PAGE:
Following frequent warnings from a variety of economists and environmentalists in the 1970s and 1980s, sustainable development and environmental issues have become part of the mainstream political agenda in most industrialized countries, and some have even been integrated into the strategies of firms. There is now a quasi-consensus around the world as to the long-term risks involved in the use of natural resources, climate change, etc.
However, for several years now some dissenting voices have been heard, including that of the Dane Bjørn Lomborg, who reckons that the warnings of environmental catastrophe have been overdone and that radically different conclusions can be drawn from the data at hand. For instance, he argues that the situation is improving steadily and there is no reason to fear problems with the environment because market forces will ensure that everything will turn out right.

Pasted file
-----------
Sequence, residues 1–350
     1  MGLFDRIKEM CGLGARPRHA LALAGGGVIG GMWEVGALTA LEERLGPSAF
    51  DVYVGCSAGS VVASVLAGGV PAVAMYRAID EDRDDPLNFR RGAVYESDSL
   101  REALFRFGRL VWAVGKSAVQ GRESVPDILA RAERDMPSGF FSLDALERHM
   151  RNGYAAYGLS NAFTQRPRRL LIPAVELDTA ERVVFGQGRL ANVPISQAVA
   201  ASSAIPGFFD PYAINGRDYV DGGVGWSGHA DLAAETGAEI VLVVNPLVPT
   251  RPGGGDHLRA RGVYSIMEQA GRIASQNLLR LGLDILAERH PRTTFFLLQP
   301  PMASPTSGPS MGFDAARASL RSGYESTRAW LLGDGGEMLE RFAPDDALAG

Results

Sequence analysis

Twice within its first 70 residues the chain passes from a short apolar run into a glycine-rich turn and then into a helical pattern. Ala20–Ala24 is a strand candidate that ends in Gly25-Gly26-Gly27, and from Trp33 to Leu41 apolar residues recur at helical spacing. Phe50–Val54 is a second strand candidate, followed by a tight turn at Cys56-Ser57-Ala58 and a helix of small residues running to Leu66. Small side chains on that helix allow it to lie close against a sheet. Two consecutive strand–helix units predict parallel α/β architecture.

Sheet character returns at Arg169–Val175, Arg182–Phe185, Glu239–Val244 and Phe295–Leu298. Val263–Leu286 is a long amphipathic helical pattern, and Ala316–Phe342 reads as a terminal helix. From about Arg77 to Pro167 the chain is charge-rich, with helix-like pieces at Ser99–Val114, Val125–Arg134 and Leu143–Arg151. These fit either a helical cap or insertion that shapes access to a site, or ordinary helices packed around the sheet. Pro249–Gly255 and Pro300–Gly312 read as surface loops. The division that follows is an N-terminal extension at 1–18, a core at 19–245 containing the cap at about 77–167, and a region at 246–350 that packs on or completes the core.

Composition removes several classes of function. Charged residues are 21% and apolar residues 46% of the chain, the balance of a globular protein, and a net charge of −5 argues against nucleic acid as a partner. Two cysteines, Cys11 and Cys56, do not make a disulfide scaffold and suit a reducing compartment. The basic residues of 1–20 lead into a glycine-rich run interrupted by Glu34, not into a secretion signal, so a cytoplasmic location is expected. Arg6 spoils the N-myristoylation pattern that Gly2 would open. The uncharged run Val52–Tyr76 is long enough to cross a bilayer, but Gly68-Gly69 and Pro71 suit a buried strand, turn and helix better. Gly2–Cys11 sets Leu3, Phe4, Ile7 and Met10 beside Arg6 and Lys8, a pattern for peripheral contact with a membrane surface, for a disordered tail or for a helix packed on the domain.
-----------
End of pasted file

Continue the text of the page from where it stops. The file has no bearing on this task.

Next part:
Hard on the heels of a first analysis that focussed exclusively on ecological issues, Bjørn Lomborg launched the "Copenhagen consensus", an initiative bringing together a group of international experts, mainly economists (including several Nobel prizewinners), with the aim of identifying a list of priorities for action, relating to the environment and also poverty and underdevelopment. Max Falque has studied this initiative and its first results, which he outlines here, along with the main elements of Bjørn Lomborg's views.